0x298       PUSH.S                  0xC
 0x2A0       PUSH.C                  0xC
 0x2A8       SYSREQ.C      get_user_team
//get_user_name(index, name[], len)
//get_user_team ( index, team[]="", len=0)

The first native is pretty straighforward. PUSH.c is passing 0x1F or 31, the number of bytes the string can hold. PUSHADDR is another FRM relative instruction, and it’s pushing the address for FRM-0×80, which conveniently is var1[32]. PUSH.S, like we’ve seen before, is pushing a passed parameter; again this is the first one given to the function (at this point we’re assuming it’s the player id). The second native clearly uses the familiar trick for temporary storage. Now we have:

func_00(id)
{
   new var1[32]
   new var2[12]

   get_user_name(id, var1, 31)
   get_user_team(id)
}

Directly after, we get a surprise:

 0x2C0       EQ.C.pri                0x1
 0x2C8       JZER              jump_0001

EQ.C.pri checks if the value in PRI is equal to the opcod parameter (in this case, 0×1). If true, PRI is set to 1, otherwise, PRI is set to 0. This branch is occuring if PRI is zero. The result from SYSREQ.C (get_user_team) was stored in PRI, not in a temporary variable, so the return value of the function must be used directly in the branch. In summary, if PRI is not equal to 1, the branch will be taken. Therefore:

func_00(id)
{
   new var1[32]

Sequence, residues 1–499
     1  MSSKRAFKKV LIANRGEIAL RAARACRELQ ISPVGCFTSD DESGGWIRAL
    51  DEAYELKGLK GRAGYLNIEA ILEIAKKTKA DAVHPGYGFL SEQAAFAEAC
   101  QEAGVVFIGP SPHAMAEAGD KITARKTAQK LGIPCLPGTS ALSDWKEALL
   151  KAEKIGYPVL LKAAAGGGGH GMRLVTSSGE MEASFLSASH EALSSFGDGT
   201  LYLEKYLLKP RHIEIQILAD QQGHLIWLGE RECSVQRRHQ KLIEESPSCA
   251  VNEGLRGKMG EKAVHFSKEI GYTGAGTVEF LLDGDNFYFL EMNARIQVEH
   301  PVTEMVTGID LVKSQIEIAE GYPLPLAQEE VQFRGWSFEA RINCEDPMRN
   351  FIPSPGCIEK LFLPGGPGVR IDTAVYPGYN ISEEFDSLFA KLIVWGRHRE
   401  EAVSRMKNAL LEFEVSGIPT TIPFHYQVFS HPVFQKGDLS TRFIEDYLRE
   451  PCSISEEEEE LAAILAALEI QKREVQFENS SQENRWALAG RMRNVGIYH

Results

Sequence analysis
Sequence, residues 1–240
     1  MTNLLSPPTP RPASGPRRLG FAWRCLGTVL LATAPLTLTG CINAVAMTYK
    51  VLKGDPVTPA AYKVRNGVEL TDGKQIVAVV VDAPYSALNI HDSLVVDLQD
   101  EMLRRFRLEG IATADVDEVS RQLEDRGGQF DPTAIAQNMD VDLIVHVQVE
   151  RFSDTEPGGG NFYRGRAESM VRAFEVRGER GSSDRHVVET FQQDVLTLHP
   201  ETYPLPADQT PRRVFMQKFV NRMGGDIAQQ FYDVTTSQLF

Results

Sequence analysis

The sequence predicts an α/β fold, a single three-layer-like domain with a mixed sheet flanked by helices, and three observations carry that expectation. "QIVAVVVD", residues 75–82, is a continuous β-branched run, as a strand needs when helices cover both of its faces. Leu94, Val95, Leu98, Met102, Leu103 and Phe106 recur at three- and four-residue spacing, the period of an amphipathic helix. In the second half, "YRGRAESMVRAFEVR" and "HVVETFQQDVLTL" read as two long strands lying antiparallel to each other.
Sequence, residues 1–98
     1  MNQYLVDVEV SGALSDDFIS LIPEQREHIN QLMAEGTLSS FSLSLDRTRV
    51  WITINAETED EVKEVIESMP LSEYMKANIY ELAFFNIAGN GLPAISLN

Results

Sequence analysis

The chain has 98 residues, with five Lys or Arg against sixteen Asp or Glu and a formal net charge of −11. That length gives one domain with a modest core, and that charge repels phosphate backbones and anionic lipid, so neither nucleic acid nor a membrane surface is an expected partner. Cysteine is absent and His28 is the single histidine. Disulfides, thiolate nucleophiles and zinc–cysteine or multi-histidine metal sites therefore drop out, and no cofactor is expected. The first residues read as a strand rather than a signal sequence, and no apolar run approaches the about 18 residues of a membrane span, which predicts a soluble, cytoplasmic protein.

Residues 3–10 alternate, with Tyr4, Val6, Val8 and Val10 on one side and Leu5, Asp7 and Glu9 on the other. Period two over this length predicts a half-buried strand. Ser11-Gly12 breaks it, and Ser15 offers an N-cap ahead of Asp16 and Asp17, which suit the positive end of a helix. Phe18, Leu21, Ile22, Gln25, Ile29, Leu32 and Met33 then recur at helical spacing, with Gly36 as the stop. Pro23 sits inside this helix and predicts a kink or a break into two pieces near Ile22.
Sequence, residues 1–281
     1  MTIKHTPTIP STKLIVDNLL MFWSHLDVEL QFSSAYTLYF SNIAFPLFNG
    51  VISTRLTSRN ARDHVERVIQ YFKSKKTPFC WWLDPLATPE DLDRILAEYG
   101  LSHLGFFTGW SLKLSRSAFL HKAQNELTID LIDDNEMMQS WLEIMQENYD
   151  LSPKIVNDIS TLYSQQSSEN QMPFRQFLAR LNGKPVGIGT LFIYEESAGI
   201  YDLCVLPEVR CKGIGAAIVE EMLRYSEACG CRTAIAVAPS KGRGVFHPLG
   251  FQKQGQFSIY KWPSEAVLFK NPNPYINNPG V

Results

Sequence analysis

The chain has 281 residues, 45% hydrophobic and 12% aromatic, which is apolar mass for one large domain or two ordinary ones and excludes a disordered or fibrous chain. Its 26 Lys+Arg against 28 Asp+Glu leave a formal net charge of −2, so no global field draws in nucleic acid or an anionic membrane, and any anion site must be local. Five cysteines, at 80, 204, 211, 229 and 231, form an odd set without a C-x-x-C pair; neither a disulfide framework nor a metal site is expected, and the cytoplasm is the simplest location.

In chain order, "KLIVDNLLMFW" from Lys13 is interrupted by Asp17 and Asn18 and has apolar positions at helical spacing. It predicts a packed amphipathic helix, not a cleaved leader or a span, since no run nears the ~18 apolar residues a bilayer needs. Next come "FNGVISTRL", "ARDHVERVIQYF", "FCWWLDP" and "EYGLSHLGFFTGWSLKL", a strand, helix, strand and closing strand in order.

new var2[12]

   get_user_name(id, var1, 31)
   if (get_user_team(id) == 1)
   {
      //conditional code
   }
   //branched code (jump_0001)
}

Reading on for the conditional code, which is everything up to jump_0001:

 0x2DC       PUSH.C                0x114
 0x2E4       PUSH.C                  0xB
 0x2EC       PUSHADDR              -0xB0
 0x2F4       PUSH.C                  0xC
 0x2FC       SYSREQ.C               copy
 0x304       STACK                  0x10
 0x30C       JUMP              jump_0002

This is a simple call to copy() – we’re passing in DAT address 0×114, which AMXReader tells us is the string “T”. 0xB is 11 bytes, and FRM-0xB0 is the address of var2. Then, we’re jumping to jump_0002. Wait, jumping? Wouldn’t we simply move on to the branched code? In fact, that is exactly what’s happening. In an IF…ENDIF block one conditional is checked, and at most one branch is taken. In an IF/ELSE/ENDIF block, each conditional block of code must branch past the remaining conditional checks in order to move on. So, at this point, we can guess the function is this:

func_00(id)
{
   new var1[32]
   new var2[12]

   get_user_name(id, var1, 31)
   if (get_user_team(id) == 1)
   {
      copy(var2, 11, "T")
   } else[?] { //branched code (jump_0001)
      //[un?]conditional code
   }
   //branched code (jump_0002)
}

Skipping past that branch, we arrive at the location for jump_0001:

 0x354       SYSREQ.C      get_user_team
 0x36C       EQ.C.pri                0x2
 0x374       JZER              jump_0002

Here we see the same exact code as above for get_user_team, and another conditional branch. If the result is not 0×2, the branch will be taken. This is another conditional block, meaning an ‘else if’ rather than an ‘else’ statement. Furthermore, since the result of the function was recalculated again, we know the comparison occurred inside the statement. The code occuring continuing on until jump_0002 is trivial so I’ve included it.

func_00(id)
{
   new var1[32]
   new var2[12]

   get_user_name(id, var1, 31)
   if (get_user_team(id) == 1)
   {